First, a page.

On February 11, 1812, former Massachusetts Governor Elbridge Gerry --- using the same hand that in 1776 had put his name on the Declaration of Independence --- signed into law a redistricting plan for the state senate designed to boost his Democratic-Republican Party. Although political parties had long before drawn maps for their own benefit, the practice now had a name: "Gerry-mandering." The term was coined by the Boston-Gazette which combined the governor's name with the word salamander, aptly describing one of the newly created districts.
Every ten years, congressional districts are redrawn to reflect new census information. This balancing of the number of seats in each state in proportion to population is required by Article I, Section 2, Clause 3 of the U.S. Constitution. Although some states in their early years had statewide congressional elections, since 1967, all states have used single-member districts.
Although Congress has the power to establish redistricting standards, state legislatures usually are in charge of redrawing the boundaries. Since these actors are partisan, whichever party is in control will often resort to gerrymandering to secure political advantage. Essentially, they try to help their friends and hurt their enemies, whether that be one of the major political parties, the states' incumbents, or certain individual legislators.
Two hundred years since Gerry signed his map, gerrymandering is a bigger problem than ever in redistricting plans. Advanced computer technology and more available data allow politicians to gerrymander down to actual neighborhoods and streets. For example, the Maryland 2nd Congressional district wraps around Baltimore, connected together by I-95. The California 23rd Congressional district hugs the Pacific Coastline and is said to "disappear at high tide." The Massachusetts 4th Congressional district stretches from the suburbs of Boston south towards New Bedford and Buzzards Bay, snaking around other districts along its way. Each of these districts marginalizes voters for the benefit of the party in power.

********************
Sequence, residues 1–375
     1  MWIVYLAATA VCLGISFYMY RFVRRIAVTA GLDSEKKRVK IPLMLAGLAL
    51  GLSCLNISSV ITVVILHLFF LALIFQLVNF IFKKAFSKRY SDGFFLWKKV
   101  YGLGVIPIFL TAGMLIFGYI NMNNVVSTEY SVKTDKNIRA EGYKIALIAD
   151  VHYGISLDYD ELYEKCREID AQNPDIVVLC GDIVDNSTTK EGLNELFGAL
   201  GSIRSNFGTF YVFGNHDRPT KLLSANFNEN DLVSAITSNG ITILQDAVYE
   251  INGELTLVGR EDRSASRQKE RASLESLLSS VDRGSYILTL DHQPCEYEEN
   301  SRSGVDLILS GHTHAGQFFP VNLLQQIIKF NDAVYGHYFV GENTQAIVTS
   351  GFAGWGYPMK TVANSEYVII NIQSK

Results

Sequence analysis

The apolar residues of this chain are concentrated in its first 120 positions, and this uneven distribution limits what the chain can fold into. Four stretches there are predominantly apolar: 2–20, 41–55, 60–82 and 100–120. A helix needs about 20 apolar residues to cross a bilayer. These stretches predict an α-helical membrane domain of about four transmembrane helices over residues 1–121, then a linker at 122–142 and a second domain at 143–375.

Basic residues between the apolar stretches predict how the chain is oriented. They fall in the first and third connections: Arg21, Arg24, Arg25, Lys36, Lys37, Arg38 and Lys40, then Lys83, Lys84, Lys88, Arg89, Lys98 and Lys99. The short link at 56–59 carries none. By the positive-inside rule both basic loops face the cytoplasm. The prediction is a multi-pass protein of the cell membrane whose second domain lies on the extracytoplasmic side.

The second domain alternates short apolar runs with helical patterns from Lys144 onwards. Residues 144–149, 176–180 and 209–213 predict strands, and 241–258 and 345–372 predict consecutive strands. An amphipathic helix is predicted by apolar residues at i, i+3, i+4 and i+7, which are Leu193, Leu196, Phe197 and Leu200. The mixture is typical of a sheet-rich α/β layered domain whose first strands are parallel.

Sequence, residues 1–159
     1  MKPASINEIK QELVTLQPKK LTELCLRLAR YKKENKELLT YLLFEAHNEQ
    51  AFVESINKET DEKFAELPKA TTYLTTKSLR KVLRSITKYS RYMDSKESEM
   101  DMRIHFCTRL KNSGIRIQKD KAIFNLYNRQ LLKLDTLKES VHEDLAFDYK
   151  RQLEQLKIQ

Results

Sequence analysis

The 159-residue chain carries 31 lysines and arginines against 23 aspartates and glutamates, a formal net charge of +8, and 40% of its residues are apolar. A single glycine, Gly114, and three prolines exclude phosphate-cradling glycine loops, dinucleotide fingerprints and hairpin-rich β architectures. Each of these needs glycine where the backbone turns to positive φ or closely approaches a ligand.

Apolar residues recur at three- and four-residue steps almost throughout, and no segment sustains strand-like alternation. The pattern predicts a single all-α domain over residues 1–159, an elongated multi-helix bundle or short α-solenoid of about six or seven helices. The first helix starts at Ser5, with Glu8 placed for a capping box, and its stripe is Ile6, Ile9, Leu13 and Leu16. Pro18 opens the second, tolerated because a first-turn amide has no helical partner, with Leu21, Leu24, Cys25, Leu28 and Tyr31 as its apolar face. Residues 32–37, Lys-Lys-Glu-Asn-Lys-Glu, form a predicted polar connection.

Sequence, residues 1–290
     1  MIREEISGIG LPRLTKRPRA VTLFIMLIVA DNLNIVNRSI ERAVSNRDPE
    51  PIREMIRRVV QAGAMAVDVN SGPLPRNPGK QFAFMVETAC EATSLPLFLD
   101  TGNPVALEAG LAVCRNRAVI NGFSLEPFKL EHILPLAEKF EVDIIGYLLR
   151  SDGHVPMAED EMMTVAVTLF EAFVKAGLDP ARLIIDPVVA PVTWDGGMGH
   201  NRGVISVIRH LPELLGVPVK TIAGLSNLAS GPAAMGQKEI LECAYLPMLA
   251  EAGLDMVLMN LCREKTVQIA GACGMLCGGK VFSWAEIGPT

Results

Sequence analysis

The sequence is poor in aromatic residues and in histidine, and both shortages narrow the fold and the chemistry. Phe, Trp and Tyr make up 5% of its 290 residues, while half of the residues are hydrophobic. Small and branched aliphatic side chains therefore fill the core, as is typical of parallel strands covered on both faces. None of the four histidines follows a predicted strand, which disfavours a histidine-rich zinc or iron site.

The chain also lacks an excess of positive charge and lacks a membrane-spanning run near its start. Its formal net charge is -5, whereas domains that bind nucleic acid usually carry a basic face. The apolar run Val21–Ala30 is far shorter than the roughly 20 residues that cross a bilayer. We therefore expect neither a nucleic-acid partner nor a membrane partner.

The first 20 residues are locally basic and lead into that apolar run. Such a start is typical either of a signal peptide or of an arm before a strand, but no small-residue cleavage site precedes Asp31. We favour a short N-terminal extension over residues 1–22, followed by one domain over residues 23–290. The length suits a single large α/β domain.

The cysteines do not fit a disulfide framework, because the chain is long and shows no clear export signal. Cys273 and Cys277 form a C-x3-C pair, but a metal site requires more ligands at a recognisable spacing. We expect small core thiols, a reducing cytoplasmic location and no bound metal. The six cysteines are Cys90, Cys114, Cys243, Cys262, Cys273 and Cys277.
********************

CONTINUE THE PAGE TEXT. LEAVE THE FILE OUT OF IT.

With recent 2010 Census data in hand, states all across the country have begun drafting legislative and congressional maps, and ---- not surprisingly ---- the process in many has been rife with controversy and beset by partisan jockeying. In Texas, maps redrawn by the state legislature have been caught up in an ongoing dispute relating to the Voting Rights Act that likely will result in a delay in its primary ---- the Supreme Court even weighed in. Civic groups in New York are decrying maps that suppress minority voters. Pick a state, and you're bound to find partisan finger pointing over new district lines.
Many critics of the redistricting process advocate for a more independent process that is criteria-driven, with partisan politics removed as a consideration. Ten states have adopted variations of this process, including California where the Citizens Redistricting Commission was tasked with putting public interest values over the incredible levels of incumbent protection found in the previously gerrymandered districts.
Many of these panels, however, require political appointment, allowing state politicians to maintain an influence over the process with appointees of their choice. And no matter how mapmakers are chosen, they can be subjects of suspicion if given discretion in how lines are drawn. When partisans don't like the projected impact of the new redistricting plans, they can cry foul ---- going to court (as was done in several states in the 2000's), seeking to overturn the plan via a referendum (as is the case right now with the state senate plan in California), or even attempting to fire those on the panel (as happened recently in Arizona).
FairVote advocates that states adopt "fair voting" plans, which combine a number of single-member districts into a larger constituency, called a "super district." Multiple candidates can be elected to a super district through the use of a proportional representation voting system rather than winner-take-all. "Proportional voting distributes seats in a way that is reflective of the vote, allowing far more voters to come out winners," says Rob Richie, executive director of FairVote.
We urge you to explore the super district plans created on our website ---- with plans to come for every state this spring. Doing so will eliminate gerrymandering ---- whether intended by partisans or unintentionally by commissions ---- by putting voters in control of their representation.
So while wishing a wry happy 200th birthday to the gerrymander, let's take action to make it a memory, not an ugly sore plaguing our politics.